This isn’t an option for everyone, but it’s no secret that the best way to save gas is by simply not using it. According to the Pew Research Center, 59% of workers in the United States who are able to work from home are taking advantage of that opportunity [7]. The reevaluation of work circumstances truly kicked into gear during the pandemic, but even as the spread of the virus wanes, it can be a great option for those still looking to cut down costs at the gas station.

  1. Pay cash

Not all gas stations offer savings for paying with cash, but some do. In our transition to a cashless world, you might not carry cash as often as you used to, but a quick stop at your local ATM on your way to fill up might prove to be beneficial. Apps like GasBuddy may be able to show whether or not a gas station provides a discounted rate for customers who pay with cash [8]. Another easy way to tell if a station takes cash is if a sign clearly states that the rate per gallon is for cash payments. Some stations even have signs that flash between two prices, showing the price per gallon for payments with card versus the price per gallon for payments with cash.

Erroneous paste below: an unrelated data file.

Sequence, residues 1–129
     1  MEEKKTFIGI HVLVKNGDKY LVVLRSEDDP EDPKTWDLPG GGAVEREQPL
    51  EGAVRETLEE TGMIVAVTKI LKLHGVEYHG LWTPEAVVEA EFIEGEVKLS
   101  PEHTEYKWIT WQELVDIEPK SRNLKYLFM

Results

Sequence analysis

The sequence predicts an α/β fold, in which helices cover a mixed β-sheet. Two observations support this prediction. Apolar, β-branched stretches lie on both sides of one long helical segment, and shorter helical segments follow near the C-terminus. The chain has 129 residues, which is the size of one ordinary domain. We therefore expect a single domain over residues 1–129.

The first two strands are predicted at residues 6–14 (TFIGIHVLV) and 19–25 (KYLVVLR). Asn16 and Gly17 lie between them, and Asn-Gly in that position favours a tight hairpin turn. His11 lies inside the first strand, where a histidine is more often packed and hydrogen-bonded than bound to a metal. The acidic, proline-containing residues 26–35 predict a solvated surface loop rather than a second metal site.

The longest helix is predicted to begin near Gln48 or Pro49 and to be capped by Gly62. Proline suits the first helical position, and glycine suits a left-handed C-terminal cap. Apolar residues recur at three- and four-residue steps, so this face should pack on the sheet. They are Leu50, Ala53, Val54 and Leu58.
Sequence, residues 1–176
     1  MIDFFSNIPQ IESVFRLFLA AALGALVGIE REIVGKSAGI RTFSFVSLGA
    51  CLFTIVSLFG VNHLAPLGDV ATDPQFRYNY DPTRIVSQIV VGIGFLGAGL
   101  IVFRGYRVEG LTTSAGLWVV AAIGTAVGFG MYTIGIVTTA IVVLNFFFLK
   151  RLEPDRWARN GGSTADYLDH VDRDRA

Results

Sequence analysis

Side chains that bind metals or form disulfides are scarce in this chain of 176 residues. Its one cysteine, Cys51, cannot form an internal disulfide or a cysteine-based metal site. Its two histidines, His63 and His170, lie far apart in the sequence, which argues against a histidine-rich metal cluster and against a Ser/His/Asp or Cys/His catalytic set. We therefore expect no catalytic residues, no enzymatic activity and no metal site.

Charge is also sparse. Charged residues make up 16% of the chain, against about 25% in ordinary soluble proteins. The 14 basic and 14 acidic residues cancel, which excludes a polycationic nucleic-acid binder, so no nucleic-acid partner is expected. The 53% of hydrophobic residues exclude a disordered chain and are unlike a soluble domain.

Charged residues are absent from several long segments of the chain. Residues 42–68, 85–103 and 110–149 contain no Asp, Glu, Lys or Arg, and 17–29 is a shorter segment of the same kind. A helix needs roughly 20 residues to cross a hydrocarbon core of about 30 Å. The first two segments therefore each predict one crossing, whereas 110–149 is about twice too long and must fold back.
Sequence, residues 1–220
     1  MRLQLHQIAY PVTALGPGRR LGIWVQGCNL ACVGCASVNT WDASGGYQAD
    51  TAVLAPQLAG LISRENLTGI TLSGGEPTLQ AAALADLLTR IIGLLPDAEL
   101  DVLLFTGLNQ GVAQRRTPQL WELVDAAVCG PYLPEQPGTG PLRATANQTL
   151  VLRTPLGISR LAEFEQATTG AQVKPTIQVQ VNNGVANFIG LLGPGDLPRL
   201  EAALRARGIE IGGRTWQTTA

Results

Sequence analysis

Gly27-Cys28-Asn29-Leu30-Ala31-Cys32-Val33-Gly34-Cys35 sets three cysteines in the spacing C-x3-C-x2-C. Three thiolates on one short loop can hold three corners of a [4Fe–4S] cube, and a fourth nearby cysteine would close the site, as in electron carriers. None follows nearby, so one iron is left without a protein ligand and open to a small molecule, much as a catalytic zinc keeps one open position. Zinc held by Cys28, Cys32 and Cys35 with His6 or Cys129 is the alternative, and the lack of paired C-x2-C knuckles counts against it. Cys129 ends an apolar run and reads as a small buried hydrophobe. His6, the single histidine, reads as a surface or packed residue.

1. Find alternatives to long-distance hobbies

We would never advise that you give up your hobbies, but if you’re concerned about surging gas prices, staying home can be a good option. Weekend vacations or one-day getaways can easily be turned into staycations, and in 2022, there are so many great options for at-home activities. You can rent a recent movie, listen to music, play board games, grill out, invite friends over for a gathering, work out or play with your pets. The pandemic also opened the door for events like virtual happy hours and video hangouts, so if you just can’t reach your friends and family because of distance, you can still see them and interact with them extremely easily, all without spending a nickel on fuel.

If you have any questions about this article or how to protect your retirement plan during times of high inflation, please give us a call! You can reach Bulwark Capital Management at 253.509.0395.